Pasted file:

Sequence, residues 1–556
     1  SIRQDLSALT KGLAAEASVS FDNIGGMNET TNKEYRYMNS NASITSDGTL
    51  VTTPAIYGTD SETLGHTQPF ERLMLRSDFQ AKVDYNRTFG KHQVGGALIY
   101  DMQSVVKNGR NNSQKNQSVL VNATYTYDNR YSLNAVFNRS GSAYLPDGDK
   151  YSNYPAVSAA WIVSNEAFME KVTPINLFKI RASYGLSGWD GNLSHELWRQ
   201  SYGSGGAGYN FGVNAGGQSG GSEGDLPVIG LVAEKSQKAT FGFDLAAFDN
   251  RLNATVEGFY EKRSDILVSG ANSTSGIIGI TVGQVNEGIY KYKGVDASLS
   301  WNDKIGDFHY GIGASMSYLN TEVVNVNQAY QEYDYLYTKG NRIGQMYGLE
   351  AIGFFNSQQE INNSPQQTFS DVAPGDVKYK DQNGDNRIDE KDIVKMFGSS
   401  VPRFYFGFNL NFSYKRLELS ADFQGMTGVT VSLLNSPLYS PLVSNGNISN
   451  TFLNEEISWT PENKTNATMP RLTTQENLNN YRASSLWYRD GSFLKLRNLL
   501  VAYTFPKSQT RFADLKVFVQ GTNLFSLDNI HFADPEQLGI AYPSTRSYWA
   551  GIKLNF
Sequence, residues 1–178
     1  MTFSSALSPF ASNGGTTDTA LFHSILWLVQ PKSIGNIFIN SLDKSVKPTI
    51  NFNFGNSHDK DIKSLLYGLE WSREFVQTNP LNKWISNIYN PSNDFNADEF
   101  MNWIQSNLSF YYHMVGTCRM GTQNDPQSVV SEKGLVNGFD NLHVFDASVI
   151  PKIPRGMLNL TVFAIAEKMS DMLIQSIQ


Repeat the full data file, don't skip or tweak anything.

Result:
Sequence, residues 1–556
     1  SIRQDLSALT KGLAAEASVS FDNIGGMNET TNKEYRYMNS NASITSDGTL
    51  VTTPAIYGTD SETLGHTQPF ERLMLRSDFQ AKVDYNRTFG KHQVGGALIY
   101  DMQSVVKNGR NNSQKNQSVL VNATYTYDNR YSLNAVFNRS GSAYLPDGDK
   151  YSNYPAVSAA WIVSNEAFME KVTPINLFKI RASYGLSGWD GNLSHELWRQ
   201  SYGSGGAGYN FGVNAGGQSG GSEGDLPVIG LVAEKSQKAT FGFDLAAFDN
   251  RLNATVEGFY EKRSDILVSG ANSTSGIIGI TVGQVNEGIY KYKGVDASLS
   301  WNDKIGDFHY GIGASMSYLN TEVVNVNQAY QEYDYLYTKG NRIGQMYGLE
   351  AIGFFNSQQE INNSPQQTFS DVAPGDVKYK DQNGDNRIDE KDIVKMFGSS
   401  VPRFYFGFNL NFSYKRLELS ADFQGMTGVT VSLLNSPLYS PLVSNGNISN
   451  TFLNEEISWT PENKTNATMP RLTTQENLNN YRASSLWYRD GSFLKLRNLL
   501  VAYTFPKSQT RFADLKVFVQ GTNLFSLDNI HFADPEQLGI AYPSTRSYWA
   551  GIKLNF
Sequence, residues 1–178
     1  MTFSSALSPF ASNGGTTDTA LFHSILWLVQ PKSIGNIFIN SLDKSVKPTI
    51  NFNFGNSHDK DIKSLLYGLE WSREFVQTNP LNKWISNIYN PSNDFNADEF
   101  MNWIQSNLSF YYHMVGTCRM GTQNDPQSVV SEKGLVNGFD NLHVFDASVI
   151  PKIPRGMLNL TVFAIAEKMS DMLIQSIQ